I’ve been driving my 100% electric car for two years now. Basic stats:
Mechanical problems: zero
Oil changes: zero
Trips to gasoline stations: zero
Times stuck / out of charge: zero
Times I needed to recharge away from home: two (details below)
Times per year where I resort to driving a gasoline car: about 8. (Going out of town, carrying more than 3 passengers, or transporting a wheelchair)
This year I’ll report on how the EV experience changes my world view. If you read my other diaries, you know I’ll start evangelizing at some point. You’ve been warned.
Alt-med causes real bad things to happen to real people.
Alt-med believers like to say that their treatments do no harm. Tell that to the fans of Atletico Madrid, who lost their quest for the championship because of what is euphemistically called a
Compared to more serious cases, the harm is small (a team lost a game - - so what?), but the public exposure is gigantic -- so maybe there's a teachable moment.
controversial: adj silly; false; fraudulent. The correct word to use when you don't want to be the target of diatribes by enraged alt-met True Believers.
Background info and story, in the land beyond the orange pasta.
I’ve been driving a 100% electric car for a year now and thought I’d share impressions and results. This might help you decide whether an EV is right for you.
I’ve driven my Mitsubishi iMiEV 7000 miles. I haven’t had any mechanical or operational problems, or complaints about comfort or basic operations (seat belts, wipers, seat comfort, etc). I’ve never run out of charge, as the car keeps me well informed about remaining charge/range and I’m aware of where and how far I plan to drive in a day. The worst logistical problem I had was concern that a valet parking attendant wouldn’t know how to start my car.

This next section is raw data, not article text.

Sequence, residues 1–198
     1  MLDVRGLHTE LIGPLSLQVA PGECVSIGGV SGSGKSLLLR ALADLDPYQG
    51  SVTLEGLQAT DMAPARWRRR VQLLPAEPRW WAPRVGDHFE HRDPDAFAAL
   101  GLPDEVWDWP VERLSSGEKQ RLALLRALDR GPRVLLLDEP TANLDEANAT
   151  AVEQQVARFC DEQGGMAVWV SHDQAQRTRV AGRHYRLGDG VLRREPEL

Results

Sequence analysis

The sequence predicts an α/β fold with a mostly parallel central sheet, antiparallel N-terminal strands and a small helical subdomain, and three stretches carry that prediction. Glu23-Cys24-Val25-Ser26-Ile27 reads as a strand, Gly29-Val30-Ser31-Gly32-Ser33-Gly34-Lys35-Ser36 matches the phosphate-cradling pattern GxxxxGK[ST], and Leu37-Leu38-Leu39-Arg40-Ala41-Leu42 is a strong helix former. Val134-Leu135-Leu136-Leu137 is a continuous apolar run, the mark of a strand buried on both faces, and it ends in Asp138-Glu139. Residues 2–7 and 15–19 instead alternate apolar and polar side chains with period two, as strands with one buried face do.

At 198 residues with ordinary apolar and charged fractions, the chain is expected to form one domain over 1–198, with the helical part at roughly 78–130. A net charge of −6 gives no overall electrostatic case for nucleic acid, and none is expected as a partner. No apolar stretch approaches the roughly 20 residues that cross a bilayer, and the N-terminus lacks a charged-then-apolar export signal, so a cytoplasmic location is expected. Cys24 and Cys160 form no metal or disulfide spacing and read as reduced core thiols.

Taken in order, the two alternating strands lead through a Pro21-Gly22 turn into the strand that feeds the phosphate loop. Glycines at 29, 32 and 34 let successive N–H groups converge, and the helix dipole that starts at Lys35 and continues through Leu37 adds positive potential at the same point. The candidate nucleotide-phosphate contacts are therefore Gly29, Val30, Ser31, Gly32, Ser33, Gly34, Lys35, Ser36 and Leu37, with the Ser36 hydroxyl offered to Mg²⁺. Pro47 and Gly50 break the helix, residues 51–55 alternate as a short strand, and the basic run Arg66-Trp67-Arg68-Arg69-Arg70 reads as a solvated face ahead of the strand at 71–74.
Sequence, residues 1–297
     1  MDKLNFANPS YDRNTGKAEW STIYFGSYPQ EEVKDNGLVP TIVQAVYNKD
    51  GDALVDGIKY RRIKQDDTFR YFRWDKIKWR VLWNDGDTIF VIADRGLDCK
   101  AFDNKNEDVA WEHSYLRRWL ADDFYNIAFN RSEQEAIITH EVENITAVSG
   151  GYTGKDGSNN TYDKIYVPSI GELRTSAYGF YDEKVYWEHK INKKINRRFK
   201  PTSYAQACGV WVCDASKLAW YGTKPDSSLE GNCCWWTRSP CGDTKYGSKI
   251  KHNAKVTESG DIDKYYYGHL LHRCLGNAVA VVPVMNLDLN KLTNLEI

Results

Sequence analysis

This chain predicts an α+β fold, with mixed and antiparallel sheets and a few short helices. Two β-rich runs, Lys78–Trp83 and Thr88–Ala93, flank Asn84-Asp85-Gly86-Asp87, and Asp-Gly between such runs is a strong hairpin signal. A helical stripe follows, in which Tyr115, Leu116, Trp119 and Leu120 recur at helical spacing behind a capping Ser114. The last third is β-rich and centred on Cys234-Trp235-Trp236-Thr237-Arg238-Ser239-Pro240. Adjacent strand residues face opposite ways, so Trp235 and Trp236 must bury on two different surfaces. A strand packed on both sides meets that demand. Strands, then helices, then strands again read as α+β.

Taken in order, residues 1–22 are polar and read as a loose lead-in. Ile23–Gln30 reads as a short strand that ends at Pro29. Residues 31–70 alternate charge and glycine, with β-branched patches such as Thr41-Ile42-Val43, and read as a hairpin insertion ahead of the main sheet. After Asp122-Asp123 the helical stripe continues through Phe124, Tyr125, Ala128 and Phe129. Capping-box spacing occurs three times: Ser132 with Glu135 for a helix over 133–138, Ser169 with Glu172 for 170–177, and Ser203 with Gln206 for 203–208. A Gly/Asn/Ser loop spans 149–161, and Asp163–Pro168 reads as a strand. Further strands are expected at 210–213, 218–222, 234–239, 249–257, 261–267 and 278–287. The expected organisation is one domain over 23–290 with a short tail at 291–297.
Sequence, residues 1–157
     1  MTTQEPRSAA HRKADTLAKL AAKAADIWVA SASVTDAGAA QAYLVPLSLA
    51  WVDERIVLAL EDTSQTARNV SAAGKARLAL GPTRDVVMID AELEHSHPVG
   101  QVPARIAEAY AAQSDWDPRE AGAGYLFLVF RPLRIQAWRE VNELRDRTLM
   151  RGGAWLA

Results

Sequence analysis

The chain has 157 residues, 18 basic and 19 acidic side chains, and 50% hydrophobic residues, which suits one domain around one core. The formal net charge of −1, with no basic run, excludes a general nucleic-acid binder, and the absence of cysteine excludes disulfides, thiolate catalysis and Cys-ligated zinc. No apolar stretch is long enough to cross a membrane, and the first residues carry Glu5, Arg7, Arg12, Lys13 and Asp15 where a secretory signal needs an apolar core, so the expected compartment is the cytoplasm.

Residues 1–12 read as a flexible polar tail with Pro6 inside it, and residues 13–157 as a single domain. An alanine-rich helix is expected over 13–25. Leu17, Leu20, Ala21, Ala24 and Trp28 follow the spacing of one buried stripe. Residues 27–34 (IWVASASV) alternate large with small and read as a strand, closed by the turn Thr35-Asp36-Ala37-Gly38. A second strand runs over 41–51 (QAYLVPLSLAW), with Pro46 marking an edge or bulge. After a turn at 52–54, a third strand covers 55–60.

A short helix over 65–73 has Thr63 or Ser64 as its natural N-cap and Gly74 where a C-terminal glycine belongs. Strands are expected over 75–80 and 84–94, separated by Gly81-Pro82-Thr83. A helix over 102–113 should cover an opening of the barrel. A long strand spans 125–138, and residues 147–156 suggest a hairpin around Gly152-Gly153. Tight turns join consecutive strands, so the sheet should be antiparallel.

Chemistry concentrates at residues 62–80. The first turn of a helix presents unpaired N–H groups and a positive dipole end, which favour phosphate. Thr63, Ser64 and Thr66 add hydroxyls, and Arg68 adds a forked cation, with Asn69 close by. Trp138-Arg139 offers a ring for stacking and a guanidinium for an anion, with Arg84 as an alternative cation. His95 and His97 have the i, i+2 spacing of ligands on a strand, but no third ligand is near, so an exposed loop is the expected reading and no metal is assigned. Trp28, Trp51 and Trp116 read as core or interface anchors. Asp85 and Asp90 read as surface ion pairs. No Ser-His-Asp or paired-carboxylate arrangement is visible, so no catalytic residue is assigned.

I measured the plug-in wattage during recharging. Given the range (see below) and the costs of gasoline versus electricity, the fuel cost-per-mile is roughly the same as a gasoline car delivering 110 mpg.
I’ve noticed a slow but steady increase in the number of other EVs, mostly Leafs and Teslas, driving about town. (There are a few Volts around here. I’ve only noticed one Ford EV, but they’re less recognizable than the other EV models so I could’ve overlooked them). If this increase continues, it means EVs are morphing from “early adopter toys” to “mainstream consumer goods”. In keeping with that, the prices are dropping as with any new tech gizmo.
I think the EV is, right now, today, an excellent solution for some drivers. For others, it might remain unviable for a long time. Arguments about whether it is a perfect replacement for the gasoline car miss the point. A better question is, whether it’s a perfect replacement for your gasoline car.
60 years ago there was so much optimism. The elected prime minister was full of idealistic plans for his country, building the national economy, enriching the country by controlling its own resources, and promoting democracy. But 60 years ago he was ousted by a military coup backed by a shadowy foreign conspiracy. He spent the rest of his life either in jail or house arrest.
The damage to the country was immediate, gigantic, and long-lasting. The new regime brought terror and political murder. When it was finally brought down, an even worse regime added religious oppression to the mix of terror and murder.
After 60 years, the remembrance of that sudden fall, and the loss it signaled, is still painful.
Many of you know I’m a huge electric vehicle (EV) fan. But I’m almost to the point where I automatically skip any article about EVs. Why? Because the EV boosters love to write about stuff – new models that don’t exist, brilliant breakthroughs that aren’t repeatable or scalable -- that isn’t true.
Today “Brainwrap” informs us that a car that doesn’t exist, if purchased in a state where it won’t be offered, would be really cheap to a millionaire buyer.